Iggy is not the only one who is at home in studio. “I think I would be happy just going through the rehearsal process,” she says, adding,“I also think in the studio, we are more ourselves, wearing the clothes we’re comfortable in; no spotlights, no sidelights. There’s a sense of collaboration. I enjoy all of that.
“In terms of watching dance, same thing, I much prefer rehearsal. Sets and costumes are distracting to me. I know it’s supposed to bring the whole thing together, but maybe you get to use more imagination when you’re watching in the studio? I like things slightly unfinished.”
Sets and costumes might be an afterthought for Chung, but music is a driving force. “Music is everything. I most enjoy watching dance when you can see the music in the movement.”
Nevertheless the stage beckons. “When you can bring a little bit of the studio to the stage,” she says, “when I have a strong connection with my partner, and then through that, being comfortable and relaxed. Generally I’m still very nervous before going on stage, and I think that’s important for what we do. If we’re not nervous, it’s probably time to move on! But when you can bring the comfort to the stage and not worry too much, that’s the best feeling.”
In any given season, dancers at SFB perform a remarkably wide range of choreography, and being versed in international styles of ballet is a boon. “I was trained by a Chinese teachers at Goh; then we had guest French and Cuban teacher, so I’m a mish-mash. I didn’t have any American training.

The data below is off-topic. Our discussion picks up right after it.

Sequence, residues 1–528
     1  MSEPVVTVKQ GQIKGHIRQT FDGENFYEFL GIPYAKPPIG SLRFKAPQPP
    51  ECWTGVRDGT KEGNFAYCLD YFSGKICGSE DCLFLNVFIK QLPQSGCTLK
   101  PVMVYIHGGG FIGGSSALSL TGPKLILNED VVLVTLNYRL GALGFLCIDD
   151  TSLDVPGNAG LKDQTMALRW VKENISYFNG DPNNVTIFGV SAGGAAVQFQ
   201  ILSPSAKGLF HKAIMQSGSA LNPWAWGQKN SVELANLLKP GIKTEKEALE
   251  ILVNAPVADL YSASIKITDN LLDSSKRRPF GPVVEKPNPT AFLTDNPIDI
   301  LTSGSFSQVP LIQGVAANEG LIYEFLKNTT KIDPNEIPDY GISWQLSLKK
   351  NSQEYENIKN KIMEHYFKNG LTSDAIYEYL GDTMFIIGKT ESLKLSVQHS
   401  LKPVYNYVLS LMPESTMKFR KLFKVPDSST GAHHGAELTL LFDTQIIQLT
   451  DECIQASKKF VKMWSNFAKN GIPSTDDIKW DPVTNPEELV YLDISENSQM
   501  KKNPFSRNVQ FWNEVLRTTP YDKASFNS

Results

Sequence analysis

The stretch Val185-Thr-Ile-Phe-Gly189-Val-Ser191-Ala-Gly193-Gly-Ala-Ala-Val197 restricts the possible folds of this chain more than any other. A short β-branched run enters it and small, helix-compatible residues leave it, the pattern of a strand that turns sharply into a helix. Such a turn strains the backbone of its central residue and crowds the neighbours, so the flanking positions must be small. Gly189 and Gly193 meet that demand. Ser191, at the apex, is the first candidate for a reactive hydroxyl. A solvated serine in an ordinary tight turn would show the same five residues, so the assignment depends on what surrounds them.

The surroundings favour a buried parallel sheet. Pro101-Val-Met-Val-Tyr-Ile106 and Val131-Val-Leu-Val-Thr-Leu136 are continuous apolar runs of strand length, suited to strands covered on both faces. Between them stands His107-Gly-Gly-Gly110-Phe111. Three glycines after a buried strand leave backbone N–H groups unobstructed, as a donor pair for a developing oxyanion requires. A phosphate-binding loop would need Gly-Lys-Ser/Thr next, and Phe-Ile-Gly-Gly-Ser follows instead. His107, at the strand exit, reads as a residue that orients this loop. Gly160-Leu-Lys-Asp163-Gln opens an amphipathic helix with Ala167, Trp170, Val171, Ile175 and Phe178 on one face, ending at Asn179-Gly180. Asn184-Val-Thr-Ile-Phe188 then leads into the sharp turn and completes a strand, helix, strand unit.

“But now I have to say I appreciate American dance more than I ever have, and I’ve learned how to dance quicker.”
Her teachers at Goh Ballet, Chen Jian Nien and MayFong, have a reputation for supplying the company with talent having also trained principal dancer Yuan Yuan Tan, and from Shanghai, Mingxuan Wang, currently dancing in the corps at SFB.
Other influences in her dancing, she says have come through the work. “In SFB, I work a lot with Felipe [Diaz]; he’s definitely a huge influence, and one of my first partners Gennedi [Nedvigin]. He was a principal when I was in the corps, and since then we danced a lot together. He taught me a lot about partnering, and he has such a pure Russian technique he coached me a bit on the side.”
Asked for her advice to younger dancers, Chung advocates having courage and going for it. “People who do excel faster are those who aren’t afraid. For me, when I first joined the ballet, I was really shy, so try not to be afraid of putting yourself out there even if you feel wrong or ugly. It’s better to go for whatever it is and fall flat on your face than to not try at all.
“I would have liked to hear more as I was starting out.”
The bright-eyed Chung looks as though she is ready to do it all over again. “At the same time, have a balanced life. It’s hard to find that balance—savour it all! But having a normal life is important too.”
Chung is currently dancing the title role in Christopher Wheeldon’s “Cinderella” in SFB’s final programme of the season. A couple of wishes for a fairy godmother to grant: “I would love to work with Crystal Pite—Canadians,” wistful, eyes sparkling, “and Ohad Naharin. It might be rough on my body, but that stuff is inspiring.”